by Dr. Alka Tripathy-Lang and Dr. Wendy Bohon
When a large chunk of ice at the end of a glacier that flows into the sea breaks off, an iceberg is born. Heralding its birth is often a glacial earthquake that is detected by the Global Seismographic Network (GSN), an array of over 150 seismometers distributed around the world. The iceberg-calving process is a key mechanism by which large volumes of ice are lost from Greenland and Antarctica. Yet, many details remain concealed because permanent cameras are installed at the ends of very few glaciers. Poor visibility, caused by either bad weather or dark winters, further limits the utility of imagery of to understand iceberg calving. Fortunately, scientists can now keep a close eye on this process using seismic data from the Greenland Ice Sheet Monitoring Network (GLISN), which provides continuous coverage of seismicity that is too faint to be detected by global networks.
Using IRIS-curated data from both the GSN and GLISN, scientists Kira Olsen, now at the NASA Goddard Space Flight Center, and Meredith Nettles, of Columbia University’s Lamont-Doherty Earth Observatory, investigated calving at Greenland’s three largest glaciers, which have also produced the majority of recorded glacial earthquakes since 1993—Jakobshavn Isbræ, Helheim Glacier, and Kangerdlugssuaq Glacier. Olsen and Nettles found that GLISN data revealed numerous smaller seismic events in the minutes before, and sometimes after, over a third of the globally detectable quakes. The results of this study were published in the July 2019 issue of the Journal of Geophysical Research-Earth Surface.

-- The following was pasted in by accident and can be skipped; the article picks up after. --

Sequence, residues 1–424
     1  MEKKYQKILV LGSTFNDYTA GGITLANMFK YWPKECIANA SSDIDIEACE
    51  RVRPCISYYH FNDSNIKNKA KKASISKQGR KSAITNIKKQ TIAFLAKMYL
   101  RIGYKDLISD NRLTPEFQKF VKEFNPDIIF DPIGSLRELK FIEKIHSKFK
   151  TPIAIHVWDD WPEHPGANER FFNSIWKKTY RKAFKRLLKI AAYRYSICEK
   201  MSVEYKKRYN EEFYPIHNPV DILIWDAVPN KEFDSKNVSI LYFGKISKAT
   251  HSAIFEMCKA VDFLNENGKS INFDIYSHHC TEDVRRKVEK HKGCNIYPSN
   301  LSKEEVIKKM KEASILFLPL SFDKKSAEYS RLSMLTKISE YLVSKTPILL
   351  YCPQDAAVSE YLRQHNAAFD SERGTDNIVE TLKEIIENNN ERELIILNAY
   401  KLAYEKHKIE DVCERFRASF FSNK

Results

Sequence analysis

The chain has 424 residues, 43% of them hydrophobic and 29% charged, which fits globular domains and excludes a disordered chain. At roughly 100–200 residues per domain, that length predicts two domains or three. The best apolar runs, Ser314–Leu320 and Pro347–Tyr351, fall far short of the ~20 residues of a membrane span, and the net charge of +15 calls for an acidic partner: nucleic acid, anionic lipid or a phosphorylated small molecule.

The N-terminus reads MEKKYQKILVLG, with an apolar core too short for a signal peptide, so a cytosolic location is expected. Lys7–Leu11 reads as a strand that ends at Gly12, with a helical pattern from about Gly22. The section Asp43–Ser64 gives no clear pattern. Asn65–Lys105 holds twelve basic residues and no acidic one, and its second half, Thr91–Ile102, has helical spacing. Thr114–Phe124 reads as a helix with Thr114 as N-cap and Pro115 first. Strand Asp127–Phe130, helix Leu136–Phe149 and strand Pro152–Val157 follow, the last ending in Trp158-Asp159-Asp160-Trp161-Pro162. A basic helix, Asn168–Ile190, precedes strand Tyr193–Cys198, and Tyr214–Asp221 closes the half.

According to lead author Olsen, who completed this work as part of her doctoral studies at Columbia University, the focus of the study is on buoyancy-driven calving, which happens when the front end of a glacier sits “too low” in the water and is subsequently bent upward because ice is less dense than liquid water (Figure 1). That bending applies a torque to the ice, causing it to fracture from the bottom up. She says “buoyancy-driven calving then occurs when the fracture has propagated all the way up to the surface and a tall, thin, block of ice has detached.” A vertically perched iceberg is unstable in the water, so it capsizes away from the glacier. As the iceberg accelerates into the water, a glacial earthquake is produced, she says.
Some of the largest icebergs in Greenland form this way, producing earthquakes detectable globally via the GSN. Yet, according to Olsen, “until this point we have had less information on when and where small icebergs calve.” She explains that the GSN stations, located outside of Greenland, are far enough away from the glaciers that they do not detect seismic signals that small icebergs should produce when they form. She says, "The advantage of the GLISN stations is that they are located closer to the large glaciers we study. When we focus on these nearby stations, we can investigate seismic signals from smaller iceberg-calving events.” In other words, before this work, whether calving of small icebergs caused glacial earthquakes was an open question, which led to uncertainty in estimates of total volume of ice lost through iceberg calving.